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For basic tallying and totaling, the **SUM** function is a pretty good workhorse (you can review **SUM** function basics here), but often more control is needed. When you have a mixed list and need to add up only a certain type, **SUMIF** and **SUMIFS** be enormously powerful tools. At its most basic, **SUMIF** lets you pick which cells in a row or column to include in the sum, based on a defining characteristic. Let’s explore how it works…

## SUMIF Function Basics

**SUMIF** is the simpler of the two functions. The syntax of **SUMIF** is as follows:

=SUMIF(range,criteria, [sum_range])

The *range* input is the set of cells that **SUMIF** will test to see if they qualify for the sum.

The *criteria* input is the test that will be applied. It can be a numerical condition, like a match or a “greater than” check. It can also be a text match on part or all of the range.

The *sum_range* input is optional. If there is no *sum_range*, **SUMIF** will add the cells in the range that meet the criteria**. **If a *sum_range* is provided, **SUMIF** will test the range and sum the corresponding cell in the *sum_range*. This is important, and we’ll explore it in a moment. For now, let’s look at a simple example.

## SUMIF Real Estate Property Example

Pretend that you are running a real estate brokerage and you have several houses up for sale in various parts of the city. You know their addresses, their neighborhoods, and their individual prices. But what if you wanted to know the total property value for each neighborhood? What about houses of a certain price?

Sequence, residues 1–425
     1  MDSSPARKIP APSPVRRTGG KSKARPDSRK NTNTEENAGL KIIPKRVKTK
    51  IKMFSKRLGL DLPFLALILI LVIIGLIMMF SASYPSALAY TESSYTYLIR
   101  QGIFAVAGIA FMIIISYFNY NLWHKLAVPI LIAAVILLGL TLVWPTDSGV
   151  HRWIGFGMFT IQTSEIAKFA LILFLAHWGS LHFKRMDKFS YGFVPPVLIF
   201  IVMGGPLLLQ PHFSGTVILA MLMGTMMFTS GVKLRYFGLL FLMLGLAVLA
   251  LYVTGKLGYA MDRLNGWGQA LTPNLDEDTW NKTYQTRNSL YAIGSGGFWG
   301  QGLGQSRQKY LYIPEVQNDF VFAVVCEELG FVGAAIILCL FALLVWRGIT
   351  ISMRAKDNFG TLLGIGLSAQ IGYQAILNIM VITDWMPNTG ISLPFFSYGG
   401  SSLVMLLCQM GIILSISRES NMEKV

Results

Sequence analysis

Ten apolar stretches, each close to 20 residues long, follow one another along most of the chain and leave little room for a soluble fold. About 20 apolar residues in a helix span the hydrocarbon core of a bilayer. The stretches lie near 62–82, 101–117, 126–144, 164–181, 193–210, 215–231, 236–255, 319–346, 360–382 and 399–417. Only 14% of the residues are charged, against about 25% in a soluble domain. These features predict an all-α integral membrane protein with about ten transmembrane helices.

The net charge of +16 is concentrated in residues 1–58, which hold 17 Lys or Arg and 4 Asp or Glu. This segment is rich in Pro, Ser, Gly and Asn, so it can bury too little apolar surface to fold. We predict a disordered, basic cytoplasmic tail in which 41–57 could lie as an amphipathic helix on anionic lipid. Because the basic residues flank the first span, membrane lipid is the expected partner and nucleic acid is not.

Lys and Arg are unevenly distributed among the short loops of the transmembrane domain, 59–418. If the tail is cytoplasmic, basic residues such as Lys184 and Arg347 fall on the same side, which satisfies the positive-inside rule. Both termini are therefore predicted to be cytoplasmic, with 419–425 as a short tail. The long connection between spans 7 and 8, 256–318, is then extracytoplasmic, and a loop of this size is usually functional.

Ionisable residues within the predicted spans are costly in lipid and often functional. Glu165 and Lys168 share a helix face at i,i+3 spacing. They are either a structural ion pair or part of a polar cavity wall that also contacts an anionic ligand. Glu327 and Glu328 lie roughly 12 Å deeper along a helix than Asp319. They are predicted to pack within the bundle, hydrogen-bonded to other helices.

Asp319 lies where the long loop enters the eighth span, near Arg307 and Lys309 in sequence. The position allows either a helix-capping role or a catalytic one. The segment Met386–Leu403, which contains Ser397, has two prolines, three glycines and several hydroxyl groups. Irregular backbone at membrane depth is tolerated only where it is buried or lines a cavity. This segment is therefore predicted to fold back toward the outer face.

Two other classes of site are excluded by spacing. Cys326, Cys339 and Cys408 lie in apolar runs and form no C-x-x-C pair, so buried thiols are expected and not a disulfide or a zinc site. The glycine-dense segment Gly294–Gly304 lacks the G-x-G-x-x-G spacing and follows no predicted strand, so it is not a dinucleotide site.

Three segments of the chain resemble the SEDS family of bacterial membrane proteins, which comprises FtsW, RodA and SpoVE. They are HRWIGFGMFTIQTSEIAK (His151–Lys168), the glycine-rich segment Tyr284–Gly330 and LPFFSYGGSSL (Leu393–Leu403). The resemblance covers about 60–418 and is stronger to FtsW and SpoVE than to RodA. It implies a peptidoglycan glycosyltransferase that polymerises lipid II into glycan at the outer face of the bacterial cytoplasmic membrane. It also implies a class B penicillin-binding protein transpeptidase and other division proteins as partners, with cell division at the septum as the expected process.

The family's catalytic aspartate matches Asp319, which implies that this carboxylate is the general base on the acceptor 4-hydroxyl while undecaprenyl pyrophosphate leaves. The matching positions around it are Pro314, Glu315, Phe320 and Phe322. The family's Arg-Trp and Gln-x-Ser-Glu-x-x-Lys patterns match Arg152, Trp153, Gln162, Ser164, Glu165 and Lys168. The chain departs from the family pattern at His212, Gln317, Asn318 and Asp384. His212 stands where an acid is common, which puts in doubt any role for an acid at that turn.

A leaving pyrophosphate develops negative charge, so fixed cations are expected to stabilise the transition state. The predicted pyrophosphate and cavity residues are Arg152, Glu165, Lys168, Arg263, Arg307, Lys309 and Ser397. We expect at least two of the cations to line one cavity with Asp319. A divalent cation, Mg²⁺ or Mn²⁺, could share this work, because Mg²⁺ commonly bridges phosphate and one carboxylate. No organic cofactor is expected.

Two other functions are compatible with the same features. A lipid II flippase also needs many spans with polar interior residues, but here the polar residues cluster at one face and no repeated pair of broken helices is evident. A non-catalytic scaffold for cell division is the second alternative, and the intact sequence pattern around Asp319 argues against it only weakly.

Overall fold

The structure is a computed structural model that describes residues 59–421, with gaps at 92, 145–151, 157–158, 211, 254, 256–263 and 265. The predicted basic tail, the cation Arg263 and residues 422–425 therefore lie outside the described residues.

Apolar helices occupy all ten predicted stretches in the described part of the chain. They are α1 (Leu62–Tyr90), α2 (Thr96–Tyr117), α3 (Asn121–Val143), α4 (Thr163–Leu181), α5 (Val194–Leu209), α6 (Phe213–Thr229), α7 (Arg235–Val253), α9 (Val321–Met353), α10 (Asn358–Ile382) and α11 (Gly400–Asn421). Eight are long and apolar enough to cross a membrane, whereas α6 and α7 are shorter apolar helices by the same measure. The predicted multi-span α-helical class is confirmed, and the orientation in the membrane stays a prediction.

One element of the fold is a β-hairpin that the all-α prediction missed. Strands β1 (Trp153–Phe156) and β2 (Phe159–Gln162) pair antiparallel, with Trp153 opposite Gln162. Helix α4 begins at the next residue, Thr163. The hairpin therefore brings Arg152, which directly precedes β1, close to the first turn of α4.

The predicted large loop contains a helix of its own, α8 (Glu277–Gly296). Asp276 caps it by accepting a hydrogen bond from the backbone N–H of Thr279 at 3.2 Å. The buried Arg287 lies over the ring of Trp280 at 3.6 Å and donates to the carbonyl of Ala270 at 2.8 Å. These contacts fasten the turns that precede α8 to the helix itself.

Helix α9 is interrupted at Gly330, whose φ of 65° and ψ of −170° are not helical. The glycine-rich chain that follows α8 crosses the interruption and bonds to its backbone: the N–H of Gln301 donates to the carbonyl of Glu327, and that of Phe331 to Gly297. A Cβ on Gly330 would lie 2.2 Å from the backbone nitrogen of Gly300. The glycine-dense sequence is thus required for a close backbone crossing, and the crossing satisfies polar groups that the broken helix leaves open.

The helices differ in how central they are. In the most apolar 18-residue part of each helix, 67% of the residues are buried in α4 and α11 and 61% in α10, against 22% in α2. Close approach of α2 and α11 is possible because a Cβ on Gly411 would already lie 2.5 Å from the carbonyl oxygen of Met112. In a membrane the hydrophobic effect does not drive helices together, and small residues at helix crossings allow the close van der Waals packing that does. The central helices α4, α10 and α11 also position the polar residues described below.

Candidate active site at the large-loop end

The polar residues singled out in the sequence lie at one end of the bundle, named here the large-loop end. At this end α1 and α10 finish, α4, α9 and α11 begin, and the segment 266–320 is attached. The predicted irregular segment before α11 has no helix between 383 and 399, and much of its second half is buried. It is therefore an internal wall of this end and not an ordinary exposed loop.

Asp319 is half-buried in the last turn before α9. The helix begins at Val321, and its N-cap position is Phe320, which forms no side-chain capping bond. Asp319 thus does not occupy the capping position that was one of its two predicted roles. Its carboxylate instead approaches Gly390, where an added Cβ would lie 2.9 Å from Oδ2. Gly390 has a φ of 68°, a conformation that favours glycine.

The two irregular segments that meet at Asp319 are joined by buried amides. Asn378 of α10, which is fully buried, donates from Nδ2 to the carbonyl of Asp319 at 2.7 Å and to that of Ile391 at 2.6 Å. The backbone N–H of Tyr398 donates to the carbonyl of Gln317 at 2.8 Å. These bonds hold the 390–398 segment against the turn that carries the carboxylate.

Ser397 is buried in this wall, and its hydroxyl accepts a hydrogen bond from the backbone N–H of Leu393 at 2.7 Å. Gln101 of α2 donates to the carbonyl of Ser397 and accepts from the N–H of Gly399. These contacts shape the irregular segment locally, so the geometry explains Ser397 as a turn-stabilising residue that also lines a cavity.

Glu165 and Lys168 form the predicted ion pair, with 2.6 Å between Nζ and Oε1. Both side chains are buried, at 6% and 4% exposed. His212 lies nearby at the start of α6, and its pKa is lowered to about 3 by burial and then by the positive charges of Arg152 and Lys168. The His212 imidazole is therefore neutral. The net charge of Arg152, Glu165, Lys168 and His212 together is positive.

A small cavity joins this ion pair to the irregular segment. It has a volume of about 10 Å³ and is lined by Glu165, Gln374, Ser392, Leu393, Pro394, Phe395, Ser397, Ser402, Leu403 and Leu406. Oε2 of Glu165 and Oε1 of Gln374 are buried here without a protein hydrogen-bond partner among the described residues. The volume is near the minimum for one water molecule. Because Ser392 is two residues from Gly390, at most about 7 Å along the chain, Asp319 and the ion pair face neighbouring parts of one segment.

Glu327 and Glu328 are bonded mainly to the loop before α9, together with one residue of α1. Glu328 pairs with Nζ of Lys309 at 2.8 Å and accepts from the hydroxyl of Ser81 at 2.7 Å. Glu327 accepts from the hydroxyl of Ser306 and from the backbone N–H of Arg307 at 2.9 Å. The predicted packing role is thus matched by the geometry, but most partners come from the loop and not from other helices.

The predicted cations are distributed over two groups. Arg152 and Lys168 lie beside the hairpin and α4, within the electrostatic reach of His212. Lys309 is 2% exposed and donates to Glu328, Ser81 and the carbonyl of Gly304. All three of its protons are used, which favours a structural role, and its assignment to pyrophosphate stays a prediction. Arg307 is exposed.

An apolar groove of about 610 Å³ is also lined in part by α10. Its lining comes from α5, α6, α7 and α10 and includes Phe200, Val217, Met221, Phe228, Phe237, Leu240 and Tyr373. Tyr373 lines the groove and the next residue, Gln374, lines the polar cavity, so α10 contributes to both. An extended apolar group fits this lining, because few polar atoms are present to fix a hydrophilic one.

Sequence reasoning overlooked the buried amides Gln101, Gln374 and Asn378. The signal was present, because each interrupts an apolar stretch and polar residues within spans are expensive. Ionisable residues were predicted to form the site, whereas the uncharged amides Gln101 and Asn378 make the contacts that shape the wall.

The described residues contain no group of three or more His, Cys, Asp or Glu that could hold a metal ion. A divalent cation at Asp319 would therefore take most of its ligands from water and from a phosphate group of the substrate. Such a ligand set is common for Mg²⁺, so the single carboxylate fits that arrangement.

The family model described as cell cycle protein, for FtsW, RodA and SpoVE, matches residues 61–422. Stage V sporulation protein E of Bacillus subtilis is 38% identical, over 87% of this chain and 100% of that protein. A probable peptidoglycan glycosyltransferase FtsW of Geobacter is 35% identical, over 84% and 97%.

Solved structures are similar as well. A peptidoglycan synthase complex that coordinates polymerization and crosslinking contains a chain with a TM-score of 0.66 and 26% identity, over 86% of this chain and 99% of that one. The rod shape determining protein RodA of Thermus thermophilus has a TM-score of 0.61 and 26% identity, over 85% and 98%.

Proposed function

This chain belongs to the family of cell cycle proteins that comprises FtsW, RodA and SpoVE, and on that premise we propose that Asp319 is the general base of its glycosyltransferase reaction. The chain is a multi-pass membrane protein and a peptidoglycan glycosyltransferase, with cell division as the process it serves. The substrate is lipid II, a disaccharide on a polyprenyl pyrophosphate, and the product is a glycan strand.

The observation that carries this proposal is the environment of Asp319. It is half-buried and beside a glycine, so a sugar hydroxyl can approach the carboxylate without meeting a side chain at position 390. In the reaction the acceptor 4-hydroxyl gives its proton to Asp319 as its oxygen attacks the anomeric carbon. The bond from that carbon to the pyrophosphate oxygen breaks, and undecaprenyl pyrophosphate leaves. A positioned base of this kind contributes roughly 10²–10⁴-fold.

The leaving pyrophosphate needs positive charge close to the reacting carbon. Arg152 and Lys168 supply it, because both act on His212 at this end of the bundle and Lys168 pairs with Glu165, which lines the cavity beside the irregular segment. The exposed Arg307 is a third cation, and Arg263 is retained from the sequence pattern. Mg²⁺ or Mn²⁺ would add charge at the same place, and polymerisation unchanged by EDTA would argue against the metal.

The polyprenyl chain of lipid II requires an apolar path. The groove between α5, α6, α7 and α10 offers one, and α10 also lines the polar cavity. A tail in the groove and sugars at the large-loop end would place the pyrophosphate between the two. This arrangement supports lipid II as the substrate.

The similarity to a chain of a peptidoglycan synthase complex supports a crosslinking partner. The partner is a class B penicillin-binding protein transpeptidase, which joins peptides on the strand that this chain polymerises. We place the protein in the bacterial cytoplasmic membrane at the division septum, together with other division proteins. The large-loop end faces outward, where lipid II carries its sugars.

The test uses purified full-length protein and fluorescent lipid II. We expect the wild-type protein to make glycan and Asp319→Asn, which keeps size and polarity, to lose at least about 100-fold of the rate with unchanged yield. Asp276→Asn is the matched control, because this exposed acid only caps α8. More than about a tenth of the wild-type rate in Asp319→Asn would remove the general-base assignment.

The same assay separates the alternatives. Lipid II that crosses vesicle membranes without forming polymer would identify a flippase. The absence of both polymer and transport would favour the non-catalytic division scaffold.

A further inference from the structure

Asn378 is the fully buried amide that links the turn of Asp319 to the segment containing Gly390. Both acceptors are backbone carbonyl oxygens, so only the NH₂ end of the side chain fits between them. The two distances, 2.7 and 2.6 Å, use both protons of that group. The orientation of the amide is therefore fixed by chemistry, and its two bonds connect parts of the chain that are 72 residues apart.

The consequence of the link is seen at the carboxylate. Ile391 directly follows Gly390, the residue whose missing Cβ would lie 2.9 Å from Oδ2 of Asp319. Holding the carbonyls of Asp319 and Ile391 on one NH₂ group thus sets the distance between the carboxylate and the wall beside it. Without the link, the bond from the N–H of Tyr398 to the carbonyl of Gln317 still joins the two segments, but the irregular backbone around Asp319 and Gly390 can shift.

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In the above example, we are exploring several different ways that the **SUMIF** function can be used. Let’s start at the bottom and work upwards.

## SUMIF Using Relations

Double-click on cell **D19** and look at the formula:

=SUMIF(C:C,"<750000")

Here we are trying to find the total property value for all houses that are selling for less than $750,000. We ask **SUMIF** to check all of column **C** for values that are smaller than 750,000 (don’t forget the quotations “” around the less-than term). Since there is no *sum_range* here, SUMIF adds all the numbers in column **C** that qualify.

We could just have easily asked for the total of houses greater than $750,000 (“>750000”), or less-than or equal to $600,000 (“<=600000”). Any relation will work. If we just want those houses that are priced at a fixed value, we don’t need to specify the equal (=) sign or the quotes. **Try changing around the formula in the example worksheet above to explore different results.**

## SUMIF Using String Matches

Now double-click on cell **D18** and look at the formula:

=SUMIF(A:A,"* 4th*",C:C)

Now we’re getting a bit more complicated. Here we want to find the total property value for all houses on 4th Street. They are not all in the same neighborhood, so we have to look at the street address. We ask **SUMIF** to check all of column **A** for values that have 4th in them.